Deep Learning in Agri-Food Systems

1. Introduction

Deep Learning (DL) is a subset of Machine Learning, a subset of Artificial Intelligence. Deep Learning employs a variety of neural network (NN) architectures and algorithms for pattern recognition and data analysis. This soft computing technique is bringing revolutions in data science, as it can be used to analyze vast volumes of data in all possible forms viz. text, audio, 2D/3D image, and videos into meaningful insights. Recently, the agri-food industry has also benefited mainly from the development in this field. In food processing units, deep Learning is being implemented in machine vision systems for inspecting inline processes, quality of raw materials, and finished goods.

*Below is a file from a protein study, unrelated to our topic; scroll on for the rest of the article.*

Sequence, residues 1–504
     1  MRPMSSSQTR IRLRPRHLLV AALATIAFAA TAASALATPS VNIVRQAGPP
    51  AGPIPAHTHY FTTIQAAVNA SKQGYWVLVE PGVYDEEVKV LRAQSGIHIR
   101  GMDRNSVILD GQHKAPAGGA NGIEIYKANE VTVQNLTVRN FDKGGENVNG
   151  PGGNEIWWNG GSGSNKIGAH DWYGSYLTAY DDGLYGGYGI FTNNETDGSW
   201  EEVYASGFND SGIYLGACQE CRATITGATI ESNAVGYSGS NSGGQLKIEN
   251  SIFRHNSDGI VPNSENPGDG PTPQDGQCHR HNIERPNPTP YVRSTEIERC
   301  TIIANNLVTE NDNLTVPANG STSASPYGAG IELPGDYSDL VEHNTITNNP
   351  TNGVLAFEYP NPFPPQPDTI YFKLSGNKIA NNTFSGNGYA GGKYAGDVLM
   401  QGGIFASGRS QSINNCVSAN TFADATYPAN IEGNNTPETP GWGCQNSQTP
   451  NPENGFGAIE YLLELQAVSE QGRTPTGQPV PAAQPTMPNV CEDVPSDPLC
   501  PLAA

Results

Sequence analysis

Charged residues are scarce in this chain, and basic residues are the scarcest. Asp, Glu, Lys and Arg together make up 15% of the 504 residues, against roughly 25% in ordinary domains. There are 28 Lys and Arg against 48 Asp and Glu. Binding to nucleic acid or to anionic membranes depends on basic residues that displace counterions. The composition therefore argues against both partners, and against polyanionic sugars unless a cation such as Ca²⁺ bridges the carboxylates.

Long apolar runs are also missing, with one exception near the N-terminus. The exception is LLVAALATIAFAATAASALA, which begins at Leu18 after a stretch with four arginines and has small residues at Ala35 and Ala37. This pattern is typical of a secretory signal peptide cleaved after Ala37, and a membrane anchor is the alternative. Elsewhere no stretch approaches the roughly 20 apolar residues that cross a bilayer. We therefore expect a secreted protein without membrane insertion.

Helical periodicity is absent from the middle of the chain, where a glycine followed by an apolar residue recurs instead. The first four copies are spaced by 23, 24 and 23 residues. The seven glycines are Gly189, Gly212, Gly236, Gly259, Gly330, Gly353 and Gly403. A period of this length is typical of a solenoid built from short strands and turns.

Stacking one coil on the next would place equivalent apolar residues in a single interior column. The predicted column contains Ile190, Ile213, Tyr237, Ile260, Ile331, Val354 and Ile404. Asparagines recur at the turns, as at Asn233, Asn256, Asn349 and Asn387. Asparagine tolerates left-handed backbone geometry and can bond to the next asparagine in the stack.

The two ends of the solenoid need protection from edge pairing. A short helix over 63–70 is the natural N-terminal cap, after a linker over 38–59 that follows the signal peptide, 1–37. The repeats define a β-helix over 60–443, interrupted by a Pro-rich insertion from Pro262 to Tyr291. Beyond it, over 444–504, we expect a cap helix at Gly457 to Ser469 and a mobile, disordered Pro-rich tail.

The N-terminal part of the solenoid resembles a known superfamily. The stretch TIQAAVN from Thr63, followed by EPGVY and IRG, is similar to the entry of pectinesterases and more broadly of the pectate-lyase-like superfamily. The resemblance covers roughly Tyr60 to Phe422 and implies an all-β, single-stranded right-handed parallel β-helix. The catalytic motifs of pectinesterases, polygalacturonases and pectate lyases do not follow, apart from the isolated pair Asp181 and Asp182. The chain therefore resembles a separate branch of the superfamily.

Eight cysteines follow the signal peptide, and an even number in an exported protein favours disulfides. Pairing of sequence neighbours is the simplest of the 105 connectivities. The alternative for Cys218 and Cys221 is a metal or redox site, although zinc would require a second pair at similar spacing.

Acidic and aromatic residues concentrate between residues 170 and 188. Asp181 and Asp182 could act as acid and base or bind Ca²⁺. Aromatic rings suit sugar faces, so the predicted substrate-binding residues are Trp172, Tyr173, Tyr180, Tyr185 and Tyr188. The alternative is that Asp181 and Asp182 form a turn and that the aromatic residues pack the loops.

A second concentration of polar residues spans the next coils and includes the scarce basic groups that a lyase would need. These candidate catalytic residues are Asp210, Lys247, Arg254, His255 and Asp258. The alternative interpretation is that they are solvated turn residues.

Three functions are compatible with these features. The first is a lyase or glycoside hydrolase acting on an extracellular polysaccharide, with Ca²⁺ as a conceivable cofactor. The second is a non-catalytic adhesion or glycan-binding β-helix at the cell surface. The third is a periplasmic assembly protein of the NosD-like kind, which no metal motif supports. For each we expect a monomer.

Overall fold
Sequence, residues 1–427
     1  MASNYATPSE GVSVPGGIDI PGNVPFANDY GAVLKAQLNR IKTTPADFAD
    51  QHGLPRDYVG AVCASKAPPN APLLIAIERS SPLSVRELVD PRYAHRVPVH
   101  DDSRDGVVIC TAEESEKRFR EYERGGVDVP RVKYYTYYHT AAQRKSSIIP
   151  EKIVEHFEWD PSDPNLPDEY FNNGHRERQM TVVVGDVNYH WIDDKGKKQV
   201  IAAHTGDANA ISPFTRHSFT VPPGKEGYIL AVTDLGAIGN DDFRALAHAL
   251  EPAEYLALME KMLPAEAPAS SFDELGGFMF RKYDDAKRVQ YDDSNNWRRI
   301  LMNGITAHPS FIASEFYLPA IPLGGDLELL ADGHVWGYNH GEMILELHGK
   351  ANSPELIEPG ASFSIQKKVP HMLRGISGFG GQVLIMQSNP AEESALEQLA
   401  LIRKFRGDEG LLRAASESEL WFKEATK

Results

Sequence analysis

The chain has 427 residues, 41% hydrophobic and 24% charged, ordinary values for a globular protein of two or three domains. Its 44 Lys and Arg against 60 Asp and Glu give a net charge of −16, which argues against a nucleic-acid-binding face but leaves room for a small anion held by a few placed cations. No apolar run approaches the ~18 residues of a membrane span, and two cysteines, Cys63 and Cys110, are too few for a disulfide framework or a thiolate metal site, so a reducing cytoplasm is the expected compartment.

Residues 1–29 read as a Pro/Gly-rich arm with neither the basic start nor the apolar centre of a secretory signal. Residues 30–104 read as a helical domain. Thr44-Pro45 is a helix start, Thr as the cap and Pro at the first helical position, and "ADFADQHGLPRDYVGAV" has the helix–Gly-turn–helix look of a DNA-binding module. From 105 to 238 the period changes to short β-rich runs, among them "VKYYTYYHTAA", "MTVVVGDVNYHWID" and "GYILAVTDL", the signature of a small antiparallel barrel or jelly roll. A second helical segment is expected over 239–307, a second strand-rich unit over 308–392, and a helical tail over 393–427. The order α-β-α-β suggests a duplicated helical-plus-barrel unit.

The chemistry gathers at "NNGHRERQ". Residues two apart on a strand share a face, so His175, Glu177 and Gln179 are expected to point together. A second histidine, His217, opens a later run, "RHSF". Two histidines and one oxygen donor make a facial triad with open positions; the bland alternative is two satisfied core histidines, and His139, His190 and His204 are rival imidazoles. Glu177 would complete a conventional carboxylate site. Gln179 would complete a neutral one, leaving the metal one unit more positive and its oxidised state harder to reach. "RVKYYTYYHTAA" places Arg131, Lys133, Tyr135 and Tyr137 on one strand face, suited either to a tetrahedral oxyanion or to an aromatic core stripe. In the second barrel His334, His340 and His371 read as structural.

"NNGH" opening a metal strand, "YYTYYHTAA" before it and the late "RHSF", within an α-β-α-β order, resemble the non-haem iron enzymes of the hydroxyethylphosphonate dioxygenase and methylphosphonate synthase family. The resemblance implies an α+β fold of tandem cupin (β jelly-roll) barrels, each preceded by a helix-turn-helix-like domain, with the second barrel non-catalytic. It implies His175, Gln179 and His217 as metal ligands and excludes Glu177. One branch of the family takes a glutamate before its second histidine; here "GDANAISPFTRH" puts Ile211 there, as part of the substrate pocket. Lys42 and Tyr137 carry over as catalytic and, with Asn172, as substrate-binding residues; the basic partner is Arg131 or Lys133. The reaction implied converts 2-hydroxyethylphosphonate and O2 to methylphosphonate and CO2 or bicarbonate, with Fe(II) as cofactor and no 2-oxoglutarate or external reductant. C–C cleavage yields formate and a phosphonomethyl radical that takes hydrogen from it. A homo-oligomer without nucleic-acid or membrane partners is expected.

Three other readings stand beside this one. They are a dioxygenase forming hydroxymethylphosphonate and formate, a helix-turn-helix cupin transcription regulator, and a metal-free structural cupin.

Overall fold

At the farm level, deep learning technology has been successfully applied in autonomous robotic systems tasked with picking agro-commodities with desired characteristics. Deep learning is also being used to monitor vegetation using low-altitude aerial systems coupled with a wide variety of sensors for data collection. This technique is favorable over other AI tools as it is versatile with the type of input data and its performance is directly proportional to the amount of data fed. The nature of data sourced from agro, and biological systems is complex as it can vary from continuous spectral information to spatial RGB images or a combination of both. Thus, deep neural network architectures such as the artificial and convolutional NN is the preferred tool for agricultural data analysis.

Modern-day food industries are required to follow several stringent food safety laws to avoid legal consequences due to negligence in hygiene and quality. A single case of the presence of foreign materials can tarnish the producer’s reliability amongst its consumers.